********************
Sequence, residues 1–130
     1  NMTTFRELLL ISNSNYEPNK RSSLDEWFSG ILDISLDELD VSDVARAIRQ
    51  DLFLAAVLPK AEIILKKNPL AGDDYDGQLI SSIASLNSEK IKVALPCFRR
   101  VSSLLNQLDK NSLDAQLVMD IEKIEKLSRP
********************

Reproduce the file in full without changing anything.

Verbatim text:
Sequence, residues 1–130
     1  NMTTFRELLL ISNSNYEPNK RSSLDEWFSG ILDISLDELD VSDVARAIRQ
    51  DLFLAAVLPK AEIILKKNPL AGDDYDGQLI SSIASLNSEK IKVALPCFRR
   101  VSSLLNQLDK NSLDAQLVMD IEKIEKLSRP